A $1.00 increase (decrease) in the assumed initial public offering price of $         per share would increase (decrease) each of cash and cash equivalents, working capital and total assets by $                 million and decrease (increase) total stockholders’ equity by $                 million, assuming the number of shares we are offering, as set forth on the cover page of this prospectus, remains the same, after deducting underwriting discounts and commissions and estimated offering expenses payable by us. We may also increase or decrease the number of shares we are offering. An increase (decrease) of                 shares in the number of shares we are offering would increase (decrease) each of cash and cash equivalents, working capital and total assets by approximately $                 million and decrease (increase) total stockholders’ equity by approximately $                 million, assuming the assumed initial public offering price per share, as set forth on the cover page of this prospectus, remains the same. The pro forma as adjusted information is illustrative only, and we will adjust this information based on the actual initial public offering price, number of shares offered and other terms of this offering determined at pricing.

 

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MANAGEMENT’S DISCUSSION AND ANALYSIS OF FINANCIAL CONDITION AND RESULTS OF OPERATIONS

You should read the following discussion and analysis of our financial condition and results of operations in conjunction with our financial statements and related notes included elsewhere in this prospectus. Some of the information contained in this discussion and analysis or set forth elsewhere in this prospectus, including information with respect to our plans and strategy for our business and related financing, includes forward-looking statements that involve risks and uncertainties. As a result of many factors, including those factors set forth in “Risk Factors”, our actual results could differ materially from the results described in or implied by the forward-looking statements contained in the following discussion and analysis.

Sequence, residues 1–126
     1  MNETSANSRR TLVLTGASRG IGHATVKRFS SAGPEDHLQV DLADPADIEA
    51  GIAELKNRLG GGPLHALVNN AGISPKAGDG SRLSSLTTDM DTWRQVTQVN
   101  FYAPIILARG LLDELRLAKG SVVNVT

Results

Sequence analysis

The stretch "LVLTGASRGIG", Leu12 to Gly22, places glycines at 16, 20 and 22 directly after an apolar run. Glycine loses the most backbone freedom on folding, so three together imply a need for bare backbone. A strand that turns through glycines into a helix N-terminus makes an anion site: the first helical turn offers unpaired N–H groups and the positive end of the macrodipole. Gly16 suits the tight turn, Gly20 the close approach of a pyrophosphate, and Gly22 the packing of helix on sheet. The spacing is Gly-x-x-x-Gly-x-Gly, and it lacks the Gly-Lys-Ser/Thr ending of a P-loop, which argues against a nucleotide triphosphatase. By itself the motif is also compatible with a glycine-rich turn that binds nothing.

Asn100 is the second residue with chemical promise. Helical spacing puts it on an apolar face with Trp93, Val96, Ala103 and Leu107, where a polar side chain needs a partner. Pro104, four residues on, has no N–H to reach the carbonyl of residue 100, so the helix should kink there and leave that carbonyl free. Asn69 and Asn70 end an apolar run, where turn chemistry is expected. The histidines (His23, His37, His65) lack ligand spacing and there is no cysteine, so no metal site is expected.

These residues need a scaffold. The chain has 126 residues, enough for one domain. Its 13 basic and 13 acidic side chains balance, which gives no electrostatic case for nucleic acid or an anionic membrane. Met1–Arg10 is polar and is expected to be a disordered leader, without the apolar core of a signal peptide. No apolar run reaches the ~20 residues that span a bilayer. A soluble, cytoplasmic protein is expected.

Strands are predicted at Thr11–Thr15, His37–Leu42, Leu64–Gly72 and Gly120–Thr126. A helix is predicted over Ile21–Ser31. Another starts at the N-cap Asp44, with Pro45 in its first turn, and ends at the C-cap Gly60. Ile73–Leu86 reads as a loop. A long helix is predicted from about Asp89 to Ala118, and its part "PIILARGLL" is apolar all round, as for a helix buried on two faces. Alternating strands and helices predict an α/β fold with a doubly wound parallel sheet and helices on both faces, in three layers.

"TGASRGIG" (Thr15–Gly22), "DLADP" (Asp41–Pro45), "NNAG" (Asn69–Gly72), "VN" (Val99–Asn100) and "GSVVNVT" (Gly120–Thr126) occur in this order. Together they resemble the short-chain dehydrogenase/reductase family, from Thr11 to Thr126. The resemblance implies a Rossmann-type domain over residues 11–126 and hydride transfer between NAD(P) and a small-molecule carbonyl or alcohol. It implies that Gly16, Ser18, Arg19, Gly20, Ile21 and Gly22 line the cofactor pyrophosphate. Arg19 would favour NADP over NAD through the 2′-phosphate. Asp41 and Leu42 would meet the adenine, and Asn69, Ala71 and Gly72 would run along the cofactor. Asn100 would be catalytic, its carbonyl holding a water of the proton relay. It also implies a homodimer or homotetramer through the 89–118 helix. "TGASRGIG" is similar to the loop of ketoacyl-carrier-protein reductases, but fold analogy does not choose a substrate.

Overview

We are a clinical-stage pharmaceutical company utilizing our cysteine cathepsin platform for the development and commercialization of novel drugs. We believe cysteine cathepsins are critically important enzymes in the biology of many diseases. By inhibiting these enzymes we believe we can develop safer and more effective therapies for these diseases. Our current programs are focused on addressing significant unmet medical needs for the treatment of neuropathic pain, autoimmune diseases and fibrosis.